Strolling along 5th Street, I was immediately drawn to a row of old-fashioned light bulbs hanging in the window of a small hair salon. Alexandra, the owner, invited me in while announcing that today, June 3, 2015, was Filament’s first day open!As I admired the salon’s hardwood floors and simple, appealing interior design, Alexandra told me that she and her co-owner, Seiji, had recently decided to leave the nearby hair salon where they both worked. A native Puerto Rican, Alexandra specializes in curly hair, while Seiji, originally from Japan, mostly works with straight hair and extensions. The pairing is perfect, Alexandra explained, because “there’s something for everyone here.” And while she and Seiji have different styles, they both believe in a natural approach to hairdressing: instead of trying to change their clients’ hair, they embrace and enhance its natural beauty. The salon’s name reflects this philosophy. Alexandra and Seiji spent hours trying to decide what to call their new endeavor, but it did not click until they bought their signature light bulbs. When they saw the glowing filaments inside the shop, Filament Hair Salon was born - a place where "the light inside you shines through the strands of your hair.”
In 1954, a Ukrainian refugee began Veselka as a shop that sold cigarettes, candy, and newspapers with a few tables for some tasty homemade Eastern European food. Over the years, it slowly evolved into a coffee shop, and then to a casual restaurant. Almost fifty-nine years later, it continues to thrive as a neighborhood destination when one is in need of comfort food, or as my own kids have told me, it is a great late night spot too. Open twenty-four hours a day, the restaurant’s menu is a mix of Ukrainian and typical American diner fare. More than a diner, though, Veselka is a family-friendly establishment that serves up Ukrainian "peasant" food - known to many as "Ukrainian soul food."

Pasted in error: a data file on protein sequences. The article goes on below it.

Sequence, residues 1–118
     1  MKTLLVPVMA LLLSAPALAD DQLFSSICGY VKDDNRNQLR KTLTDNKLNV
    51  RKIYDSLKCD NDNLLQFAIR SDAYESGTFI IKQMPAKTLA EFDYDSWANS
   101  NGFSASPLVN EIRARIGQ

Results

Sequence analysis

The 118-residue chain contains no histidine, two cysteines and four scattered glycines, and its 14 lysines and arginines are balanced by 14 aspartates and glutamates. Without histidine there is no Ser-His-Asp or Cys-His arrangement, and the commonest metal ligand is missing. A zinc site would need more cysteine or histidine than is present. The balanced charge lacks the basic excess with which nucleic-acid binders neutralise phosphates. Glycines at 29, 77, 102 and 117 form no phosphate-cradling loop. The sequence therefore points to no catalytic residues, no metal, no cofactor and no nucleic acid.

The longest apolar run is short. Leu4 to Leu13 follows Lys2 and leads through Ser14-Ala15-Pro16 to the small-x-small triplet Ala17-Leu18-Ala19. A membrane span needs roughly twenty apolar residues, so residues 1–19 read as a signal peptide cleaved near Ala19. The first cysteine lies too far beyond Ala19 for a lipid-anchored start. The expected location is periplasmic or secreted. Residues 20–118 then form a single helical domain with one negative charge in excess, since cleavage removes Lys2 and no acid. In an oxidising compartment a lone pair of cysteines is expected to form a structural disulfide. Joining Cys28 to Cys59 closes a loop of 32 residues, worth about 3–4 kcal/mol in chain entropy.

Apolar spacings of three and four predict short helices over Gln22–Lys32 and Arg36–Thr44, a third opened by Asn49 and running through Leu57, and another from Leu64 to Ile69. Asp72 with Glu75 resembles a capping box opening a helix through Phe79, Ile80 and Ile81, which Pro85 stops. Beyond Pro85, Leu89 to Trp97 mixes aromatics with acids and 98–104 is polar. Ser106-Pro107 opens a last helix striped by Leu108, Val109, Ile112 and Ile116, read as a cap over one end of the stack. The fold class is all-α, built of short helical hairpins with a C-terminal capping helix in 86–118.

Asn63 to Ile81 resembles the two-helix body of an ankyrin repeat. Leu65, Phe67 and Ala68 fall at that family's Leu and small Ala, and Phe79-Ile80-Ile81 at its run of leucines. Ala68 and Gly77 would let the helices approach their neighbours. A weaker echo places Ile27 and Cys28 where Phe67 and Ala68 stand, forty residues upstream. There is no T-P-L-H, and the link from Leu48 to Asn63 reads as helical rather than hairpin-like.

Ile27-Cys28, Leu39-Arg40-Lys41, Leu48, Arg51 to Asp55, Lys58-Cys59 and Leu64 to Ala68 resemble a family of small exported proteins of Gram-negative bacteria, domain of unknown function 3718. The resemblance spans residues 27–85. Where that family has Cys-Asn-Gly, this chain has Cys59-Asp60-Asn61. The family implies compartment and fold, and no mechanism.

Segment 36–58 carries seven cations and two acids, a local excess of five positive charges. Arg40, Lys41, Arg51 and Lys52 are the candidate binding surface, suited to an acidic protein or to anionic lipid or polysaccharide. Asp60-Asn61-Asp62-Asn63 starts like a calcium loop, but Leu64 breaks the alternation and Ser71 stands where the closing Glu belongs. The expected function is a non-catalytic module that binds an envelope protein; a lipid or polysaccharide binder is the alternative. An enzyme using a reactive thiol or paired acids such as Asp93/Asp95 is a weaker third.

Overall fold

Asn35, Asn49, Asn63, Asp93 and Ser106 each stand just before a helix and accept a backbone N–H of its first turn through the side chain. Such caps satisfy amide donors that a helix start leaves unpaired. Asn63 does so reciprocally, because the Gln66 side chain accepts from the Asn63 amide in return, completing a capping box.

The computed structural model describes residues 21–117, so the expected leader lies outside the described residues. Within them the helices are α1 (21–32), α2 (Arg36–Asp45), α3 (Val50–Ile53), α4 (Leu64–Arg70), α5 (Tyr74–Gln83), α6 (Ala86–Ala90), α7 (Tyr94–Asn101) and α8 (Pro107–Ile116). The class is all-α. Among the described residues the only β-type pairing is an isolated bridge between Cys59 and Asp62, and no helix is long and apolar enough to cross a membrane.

Shahrzad Ghajar, founder of the gift shop Spooksvilla + friends, takes curation to another level. She meets with each of the artists represented in the store and personally chooses every piece showcased on the walls and shelves.Shahrzad, herself, is a talented artist, and many of her designs are featured in the shop. By focusing on the artists, Spooksvilla ensures that everything for sale - from apparel to wall art - is one-of-a-kind. “We like to be representative of original people doing original things— be it art, products, charms or any other kind of cool item," said Ethan Velez, manager of Spooksvilla.Despite the fact that multiple artists contribute to Spooksvilla, the store is not a hodgepodge of styles. Rather, the art is united in its bold, whimsical designs. A favorite is the label on the bottle of the rose bath salts - a piece of art in itself. A woman with purple skin and purple hair rides a pink dragon, holding, of course, roses.
Serving an interesting but decadent assortment of coffees, hot cakes, desserts, Japanese tapas, sandwiches, pasta, and more, Hi-Collar functions as many things. In the morning the atmosphere is subdued and relaxed like a coffee shop, as customers come to enjoy “kissaten” – a term to describe Japanese-style coffee shops. The lady we spoke to at Hi-Collar told us their coffee selection is extensive and that there are a variety of beans to choose from. Not only is there the opportunity to select the bean varietal, but one can also choose how the coffee is made as well: pour over, aeropress, or siphon—each method drawing out a distinct flavor. For the non-coffee drinker, there are teas and even a fruit milkshake.As the afternoon wears on and evening approaches, Hi-Collar becomes a bar complete with wine, sake, and beer. Inquiring about the name, we found that Hi-Collar is in fact a term that came to be during the Japanese Jazz Age, when Western culture infiltrated Japan and many men were seen wearing Western style high collars. The only seating available is at the long bar, and the beautiful flowers and lamps that hang from the ceiling add to the allure of this multifaceted nook on 10th.